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Domestic violence
in the U.S. on the wane

Domestic violence
in the U.S. on the wane

Domestic violence rates fell sharply between 1993 and 2004, the Justice Department said Thursday, noting that American Indian women and native Alaskan women are far more likely to be victimized than whites and other minorities.

The Bureau of Justice Statistics said that ''intimate partner-violence'' rates, including violence between same-sex partners, fell by more than 50%. The decline mirrored a decadelong trend in other violent crimes, and the department did not suggest a cause.

''There's still generally no consensus about why any crime in general has dropped,'' said Shannan Catalano, the study's author. ''It's safe to say it's more than one factor that went into it.''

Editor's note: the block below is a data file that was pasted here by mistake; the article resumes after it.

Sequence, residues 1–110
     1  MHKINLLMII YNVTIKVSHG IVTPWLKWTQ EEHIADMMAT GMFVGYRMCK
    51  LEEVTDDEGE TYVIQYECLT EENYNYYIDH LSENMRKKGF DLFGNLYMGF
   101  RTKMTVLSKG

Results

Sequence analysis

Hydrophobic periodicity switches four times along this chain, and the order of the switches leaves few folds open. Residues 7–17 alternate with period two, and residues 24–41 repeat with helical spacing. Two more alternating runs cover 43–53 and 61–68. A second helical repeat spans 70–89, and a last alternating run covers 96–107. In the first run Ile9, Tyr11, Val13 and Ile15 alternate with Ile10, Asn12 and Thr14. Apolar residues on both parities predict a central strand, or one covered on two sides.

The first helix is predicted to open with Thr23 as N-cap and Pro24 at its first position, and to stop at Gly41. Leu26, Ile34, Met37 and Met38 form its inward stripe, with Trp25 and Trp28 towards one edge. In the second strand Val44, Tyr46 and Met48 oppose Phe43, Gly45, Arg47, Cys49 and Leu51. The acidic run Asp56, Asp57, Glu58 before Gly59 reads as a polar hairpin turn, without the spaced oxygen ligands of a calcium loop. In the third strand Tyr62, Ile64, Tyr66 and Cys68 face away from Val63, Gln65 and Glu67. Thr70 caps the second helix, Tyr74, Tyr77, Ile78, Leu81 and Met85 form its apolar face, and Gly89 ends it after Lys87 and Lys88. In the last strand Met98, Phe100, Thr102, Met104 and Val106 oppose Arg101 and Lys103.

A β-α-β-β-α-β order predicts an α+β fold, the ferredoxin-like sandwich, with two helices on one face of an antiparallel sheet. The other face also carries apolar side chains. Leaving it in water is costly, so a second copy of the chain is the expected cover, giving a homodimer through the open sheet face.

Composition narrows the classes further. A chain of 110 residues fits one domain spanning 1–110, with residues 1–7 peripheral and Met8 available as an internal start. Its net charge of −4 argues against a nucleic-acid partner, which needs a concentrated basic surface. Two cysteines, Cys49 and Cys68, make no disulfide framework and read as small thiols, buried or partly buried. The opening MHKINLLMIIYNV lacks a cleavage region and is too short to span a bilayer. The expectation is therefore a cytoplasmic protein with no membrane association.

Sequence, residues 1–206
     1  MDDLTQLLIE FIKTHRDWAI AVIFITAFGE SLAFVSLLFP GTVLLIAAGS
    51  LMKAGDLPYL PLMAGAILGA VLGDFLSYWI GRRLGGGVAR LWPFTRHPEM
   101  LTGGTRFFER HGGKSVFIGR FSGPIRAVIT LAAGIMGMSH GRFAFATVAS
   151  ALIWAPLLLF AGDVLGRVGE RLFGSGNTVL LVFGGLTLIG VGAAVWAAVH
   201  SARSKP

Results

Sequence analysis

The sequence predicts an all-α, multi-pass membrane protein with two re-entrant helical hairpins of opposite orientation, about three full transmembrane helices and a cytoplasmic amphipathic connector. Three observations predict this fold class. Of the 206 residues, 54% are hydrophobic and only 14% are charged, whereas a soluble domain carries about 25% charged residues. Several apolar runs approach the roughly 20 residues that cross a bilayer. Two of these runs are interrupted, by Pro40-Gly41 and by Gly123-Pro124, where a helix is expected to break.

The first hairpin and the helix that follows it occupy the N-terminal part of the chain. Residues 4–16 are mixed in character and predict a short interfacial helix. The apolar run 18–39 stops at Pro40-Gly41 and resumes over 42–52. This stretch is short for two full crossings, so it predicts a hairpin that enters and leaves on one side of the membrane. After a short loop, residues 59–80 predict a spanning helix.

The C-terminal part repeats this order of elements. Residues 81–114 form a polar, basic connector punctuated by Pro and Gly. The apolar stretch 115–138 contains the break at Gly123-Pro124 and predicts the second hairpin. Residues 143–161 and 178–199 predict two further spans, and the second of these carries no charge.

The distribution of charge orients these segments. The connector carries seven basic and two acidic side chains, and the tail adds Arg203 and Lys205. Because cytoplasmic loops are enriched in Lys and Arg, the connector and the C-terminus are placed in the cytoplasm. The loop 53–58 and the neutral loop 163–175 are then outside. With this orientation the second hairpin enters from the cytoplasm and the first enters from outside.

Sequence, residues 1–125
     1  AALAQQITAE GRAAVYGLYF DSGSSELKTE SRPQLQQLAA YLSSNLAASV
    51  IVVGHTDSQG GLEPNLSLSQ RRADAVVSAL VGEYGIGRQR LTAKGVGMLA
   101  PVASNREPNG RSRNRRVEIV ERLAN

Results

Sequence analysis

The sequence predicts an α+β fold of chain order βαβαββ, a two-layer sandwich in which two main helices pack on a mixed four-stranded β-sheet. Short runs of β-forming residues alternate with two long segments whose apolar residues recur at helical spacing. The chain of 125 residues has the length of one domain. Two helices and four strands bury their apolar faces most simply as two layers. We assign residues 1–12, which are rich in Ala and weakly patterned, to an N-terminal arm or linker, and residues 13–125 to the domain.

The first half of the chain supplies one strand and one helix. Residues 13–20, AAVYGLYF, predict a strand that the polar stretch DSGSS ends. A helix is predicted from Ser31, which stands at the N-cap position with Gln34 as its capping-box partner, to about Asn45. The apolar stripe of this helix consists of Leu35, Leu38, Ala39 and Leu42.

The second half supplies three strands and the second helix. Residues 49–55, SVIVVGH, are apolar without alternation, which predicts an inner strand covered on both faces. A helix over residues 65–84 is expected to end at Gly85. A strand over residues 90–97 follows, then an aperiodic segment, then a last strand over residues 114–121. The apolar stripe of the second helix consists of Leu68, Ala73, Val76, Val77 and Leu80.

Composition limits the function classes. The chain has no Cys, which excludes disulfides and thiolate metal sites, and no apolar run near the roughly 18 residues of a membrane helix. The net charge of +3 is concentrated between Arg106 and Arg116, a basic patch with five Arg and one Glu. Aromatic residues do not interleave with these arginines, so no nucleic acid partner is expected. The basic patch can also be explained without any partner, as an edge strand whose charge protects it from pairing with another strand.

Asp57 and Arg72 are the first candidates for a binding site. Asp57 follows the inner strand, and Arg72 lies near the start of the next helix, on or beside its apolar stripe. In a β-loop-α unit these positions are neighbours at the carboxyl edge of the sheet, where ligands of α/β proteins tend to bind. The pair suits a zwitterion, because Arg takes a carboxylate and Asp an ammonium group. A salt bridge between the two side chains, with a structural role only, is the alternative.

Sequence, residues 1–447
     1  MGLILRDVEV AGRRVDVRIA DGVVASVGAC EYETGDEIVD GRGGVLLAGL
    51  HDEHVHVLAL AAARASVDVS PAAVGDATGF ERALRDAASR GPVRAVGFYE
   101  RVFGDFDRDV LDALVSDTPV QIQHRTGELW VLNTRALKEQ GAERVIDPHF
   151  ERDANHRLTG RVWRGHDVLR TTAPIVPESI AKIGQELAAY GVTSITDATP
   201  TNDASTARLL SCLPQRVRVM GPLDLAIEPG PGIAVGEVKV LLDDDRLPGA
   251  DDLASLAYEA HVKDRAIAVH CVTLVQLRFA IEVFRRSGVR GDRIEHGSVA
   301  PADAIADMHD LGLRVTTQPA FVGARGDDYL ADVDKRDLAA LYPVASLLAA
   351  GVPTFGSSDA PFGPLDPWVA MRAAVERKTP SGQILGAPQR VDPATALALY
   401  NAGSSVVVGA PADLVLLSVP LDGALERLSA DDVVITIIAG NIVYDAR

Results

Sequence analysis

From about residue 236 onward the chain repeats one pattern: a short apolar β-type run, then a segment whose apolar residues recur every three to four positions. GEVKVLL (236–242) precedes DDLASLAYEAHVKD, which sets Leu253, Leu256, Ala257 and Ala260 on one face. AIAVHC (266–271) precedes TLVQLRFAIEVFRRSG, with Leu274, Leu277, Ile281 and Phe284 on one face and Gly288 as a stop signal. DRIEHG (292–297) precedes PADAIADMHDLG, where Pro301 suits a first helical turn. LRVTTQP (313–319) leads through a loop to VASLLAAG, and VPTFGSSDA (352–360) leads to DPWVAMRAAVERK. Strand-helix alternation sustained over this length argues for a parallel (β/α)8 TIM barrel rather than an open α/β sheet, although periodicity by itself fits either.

Some experts attribute the decline to better training for police and more funding for prosecution, two key elements of the 1994 Violence Against Women Act. Investigators increasingly are better trained to handle abuse cases and bring them to court. ''For the first time there are entire domestic violence units in law enforcement,'' said Lonna Stevens, director of the Sheila Wellstone Institute, a Minnesota-based domestic violence organization. ''We've had protocols and policies developed for responding to this.''

In 1993 there were about 5.8 incidents of nonfatal violence for every 1,000 U.S. residents above the age of 12. By 2004, that number had fallen to 2.6, the agency said. Homicides fell by about 30%, from 2,269 in 1993 to 1,544, in 2004.

The Justice Department defines intimate partner violence as violence by a current or former spouse, boyfriend or girlfriend, or a same-sex partner. (AP)

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